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Review: Mercury Rising

April 08, 1998|By JASON MYERS

Jason Myers

Simon (Miko Hughes) carries around brightly colored flash cards to keep track of such simple things as who his parents are, where he lives and to warn him not to touch a stove or talk to strangers. He is autistic. You wonder what affliction the makers of "Mercury Rising" have. It is not difficult, however, to imagine them carrying around sets of cards similar to Simon's that have any number of movie-making cliches written upon them.

Robert Musil's "A Man of No Features" is considered to be a modernist masterpiece of literature among the ranks of Proust's "In Search of Lost Time" and Joyce's "Ulysses."

"Mercury Rising" might well be called "A Movie of No Features," though not for any profound ironical sensibility or metaphysical comment, but rather because it so thoroughly recycles scenes and storylines from other films that it seems less one motion picture than a collage.

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Simon borrows his traits from Dustin Hoffman's portrait of autism in "Rain Man." Hughes (the "Kindergarten Cop" kid whose father was a gynecologist) gives an affecting performance, but he is lost in a typical thriller plot line and acute analyses of his character like, "He just doesn't see things like you and me."

That Gumpism comes courtesy of Art Jeffries (Bruce Willis), an FBI agent who must moonlight as a clinical pathologist. Jeffries, who would make Oliver Stone seem like a calm, rational scholar, encounters Simon after the boy's parents are killed.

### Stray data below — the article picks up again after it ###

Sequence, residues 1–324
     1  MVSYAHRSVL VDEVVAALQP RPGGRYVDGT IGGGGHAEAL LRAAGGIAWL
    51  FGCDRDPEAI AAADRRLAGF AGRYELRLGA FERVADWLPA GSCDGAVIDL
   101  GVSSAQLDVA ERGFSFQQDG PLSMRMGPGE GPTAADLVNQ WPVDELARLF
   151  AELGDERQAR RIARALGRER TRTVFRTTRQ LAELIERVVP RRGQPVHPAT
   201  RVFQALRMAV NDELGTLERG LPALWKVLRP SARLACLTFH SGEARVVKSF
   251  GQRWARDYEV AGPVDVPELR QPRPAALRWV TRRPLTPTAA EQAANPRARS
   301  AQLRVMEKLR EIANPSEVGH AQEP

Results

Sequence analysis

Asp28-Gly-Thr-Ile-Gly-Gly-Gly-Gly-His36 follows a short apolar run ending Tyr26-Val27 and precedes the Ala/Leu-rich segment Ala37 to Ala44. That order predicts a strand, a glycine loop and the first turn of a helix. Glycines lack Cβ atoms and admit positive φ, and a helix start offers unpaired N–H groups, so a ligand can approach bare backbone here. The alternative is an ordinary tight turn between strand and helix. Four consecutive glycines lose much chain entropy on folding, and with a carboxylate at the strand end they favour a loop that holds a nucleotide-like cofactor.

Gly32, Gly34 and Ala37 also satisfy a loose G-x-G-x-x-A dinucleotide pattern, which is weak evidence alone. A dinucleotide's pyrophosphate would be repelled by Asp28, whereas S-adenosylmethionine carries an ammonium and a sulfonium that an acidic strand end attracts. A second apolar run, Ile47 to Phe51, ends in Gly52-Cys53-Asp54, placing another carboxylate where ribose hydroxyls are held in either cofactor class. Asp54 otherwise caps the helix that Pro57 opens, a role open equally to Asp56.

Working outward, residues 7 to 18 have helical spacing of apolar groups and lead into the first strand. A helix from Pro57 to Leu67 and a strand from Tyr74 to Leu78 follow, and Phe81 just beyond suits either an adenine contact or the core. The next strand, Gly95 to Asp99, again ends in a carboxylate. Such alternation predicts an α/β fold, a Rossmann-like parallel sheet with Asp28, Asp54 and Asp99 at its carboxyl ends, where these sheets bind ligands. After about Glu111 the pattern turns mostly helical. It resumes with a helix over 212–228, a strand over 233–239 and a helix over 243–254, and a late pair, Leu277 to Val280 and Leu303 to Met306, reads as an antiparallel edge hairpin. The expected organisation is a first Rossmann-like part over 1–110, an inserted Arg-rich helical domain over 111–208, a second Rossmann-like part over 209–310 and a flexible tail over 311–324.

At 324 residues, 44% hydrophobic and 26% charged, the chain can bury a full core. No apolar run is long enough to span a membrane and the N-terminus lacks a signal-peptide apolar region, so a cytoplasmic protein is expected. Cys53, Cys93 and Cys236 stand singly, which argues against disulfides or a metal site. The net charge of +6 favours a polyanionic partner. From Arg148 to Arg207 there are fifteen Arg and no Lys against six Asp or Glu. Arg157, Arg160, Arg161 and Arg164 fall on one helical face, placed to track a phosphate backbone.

Simon's autism is not so debilitating that he does not have the flourishes that Raymond Babbitt (Hoffman) evidenced. One day the young lad decodes a message from a book of puzzles that happens to be the nexus of a highly classified government security operation. Preposterous action ensues.

The most surprising thing about "Mercury Rising," directed by Harold Brecker with some good intentions, is that it is not much of a thriller at all. Where most "blockbusters" are unlinear explosions of amphetamine, with gaudy gunfights and crazed car chases, "Mercury Rising" creeps along on Valium.

The early scenes depicting Simon's life at school and home belong in a different movie: with some more intelligence and a more complete immersion in his perspective, they could make for a fresh children's film.

The Hitchcockian black-and-white visions that haunt Art's dreams - in one of his undercover assignments, he was unable to save two teenage militia men - are simply wrong.

Willis, because he lacks both the brawn and idiocy of Schwarzenegger and Stallone, is probably the most convincing cinematic hero of the day, yet his grizzled, chiseled mug is used to little effect here.

The most amusing caricature is of Nicholas Kudrow, played with such finesse by Alec Baldwin that you suspect the actor must think he's in a better movie.

Kudrow, a high-ranking agent in the National Security Agency who runs the "Mercury" project that Simon has undermined, is menacing in a minimal, quiet way that makes Garrison Keillor so frightening.

Since the entire plot of "Mercury Rising" was given away in the trailor, the only possible interest would be to learn the specifics of this encrypted security code, but Mercury is glossed over in the simplespeak of movies, so that it seems about as cerebral and impenetrable as Microsoft Windows.

Surely no enjoyment can be derived from the lunatic rooftop finale, a sequence that has been used to prior, and better, effect in so many films - including many of Willis' own - that to cite them would only further embarrass "Mercury Rising." The film moves on slow feet and accomplishes little feat.

Jason is a senior at North Hagerstown High School.

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